According to the data available to the Ministry for Ecological Transition, the brine comes from the Anfi group desalination plant, located near the beach, and as there is no outlet to take it out to sea, the environmental pollution spill remains in that same sand. The Ministry has contacted the company, who just so happen to also be the one that was granted the concession for the exploitation of beach services, despite this plan having been later annulled for not complying with the conditions of that authorisation. The Ministry report that Anfi has simply responded by saying that “they do not know anything” about this pipeline.
This timeshare and tourism group said yesterday that they do not own the desalination plant and therefore “are not responsible for it.” They have limited themselves to simply declaring that the desalination plant belongs to a third party, and that all they have is a contract for the supply of water.
In spite of everything, the Costas, who are in the processing of transferring the responsibilities in this matter to the autonomous Executive, also made clear that this same brine pollution complaint made to the Canary Islands Agency for the Protection of the Natural Environment, takes note of a resolution dated October 18, 2007 from the Canary Islands Government Deputy Ministry of the Environment, declaring the expiration of a procedure initiated, at the request of the commercial entity Anfi Tauro SA, specifically for authorisation to pump sea water from the desalination plant using reverse osmosis.
At the same time, the Costas, whose intention is that the beach can be opened to the public once these issues are resolved, announced yesterday that they will proceed to remove the entire embankment and breakwater that Anfi Group and Santana Cazorla placed in front of the old packaging warehouses that are located on the beach, as this space was never part of the 12,000 meters agreed in the concession. Although there is likely to be serious fines issued by the Ministry of Coastal Demarcation, Anfi indicated yesterday that “they are not going to remove the rubble” because they are awaiting a ruling on the contentious issues remaining, and what the courts dictate regarding the annulment of the concession and the actions that must follow.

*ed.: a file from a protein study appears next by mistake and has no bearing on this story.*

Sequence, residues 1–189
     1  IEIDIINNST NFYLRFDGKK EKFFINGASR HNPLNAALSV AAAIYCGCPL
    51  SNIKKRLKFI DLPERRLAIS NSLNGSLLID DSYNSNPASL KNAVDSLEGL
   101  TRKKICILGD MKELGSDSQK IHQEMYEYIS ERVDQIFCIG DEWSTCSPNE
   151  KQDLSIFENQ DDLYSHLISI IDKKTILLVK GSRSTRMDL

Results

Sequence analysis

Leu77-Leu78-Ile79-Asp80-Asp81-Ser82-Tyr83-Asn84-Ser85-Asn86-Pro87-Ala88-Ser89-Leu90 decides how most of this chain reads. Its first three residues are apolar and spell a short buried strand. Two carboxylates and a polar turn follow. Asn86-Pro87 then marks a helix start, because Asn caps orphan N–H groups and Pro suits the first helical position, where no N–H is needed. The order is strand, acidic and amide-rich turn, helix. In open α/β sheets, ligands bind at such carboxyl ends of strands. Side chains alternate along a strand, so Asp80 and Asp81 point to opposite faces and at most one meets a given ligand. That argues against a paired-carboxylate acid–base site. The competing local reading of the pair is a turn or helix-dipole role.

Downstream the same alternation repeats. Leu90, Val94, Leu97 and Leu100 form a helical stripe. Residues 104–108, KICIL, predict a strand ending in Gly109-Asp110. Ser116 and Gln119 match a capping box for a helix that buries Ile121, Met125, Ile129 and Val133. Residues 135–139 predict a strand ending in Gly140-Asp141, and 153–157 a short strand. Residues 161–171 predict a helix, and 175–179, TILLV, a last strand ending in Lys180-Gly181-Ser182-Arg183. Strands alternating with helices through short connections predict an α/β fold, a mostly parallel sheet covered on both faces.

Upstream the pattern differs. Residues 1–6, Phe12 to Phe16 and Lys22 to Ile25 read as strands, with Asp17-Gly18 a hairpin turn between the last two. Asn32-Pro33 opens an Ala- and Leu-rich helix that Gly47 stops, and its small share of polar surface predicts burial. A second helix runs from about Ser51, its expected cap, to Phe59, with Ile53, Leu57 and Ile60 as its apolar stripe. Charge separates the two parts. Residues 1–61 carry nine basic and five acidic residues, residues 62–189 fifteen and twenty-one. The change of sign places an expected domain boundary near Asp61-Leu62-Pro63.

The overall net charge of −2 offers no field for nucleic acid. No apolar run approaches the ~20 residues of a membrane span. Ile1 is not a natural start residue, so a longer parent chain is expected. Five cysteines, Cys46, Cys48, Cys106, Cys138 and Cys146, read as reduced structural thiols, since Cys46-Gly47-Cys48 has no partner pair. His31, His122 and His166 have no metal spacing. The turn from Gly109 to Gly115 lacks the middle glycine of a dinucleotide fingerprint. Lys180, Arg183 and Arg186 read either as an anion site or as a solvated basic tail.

Mogán mayor Bueno inspecting Tauro after the sands were laid
A detailed report on the state of the beach was sent yesterday by the Costas, by ordinary mail, to the Mogán Town Council, who were quick to support the project at the beginning of their administration in 2015, before distancing themselves from it claiming no responsibility whatsoever for the developments, and then subsequently expressing their desire to profit from the exploitation revenues from this beach, among others, will in any case now have to take care of security and surveillance from here on in, while this whole fiasco is resolved.
Executive director of the Canary Islands Natural Environment Protection Agency (ACPMN), Ángel Fariña has been silent
Journalists have tried to contact the executive director of the Canary Islands Natural Environment Protection Agency (ACPMN), Ángel Fariña, for his comments on the suspected environmental pollution and have so far not managed to get any response on matter, either from him or his department.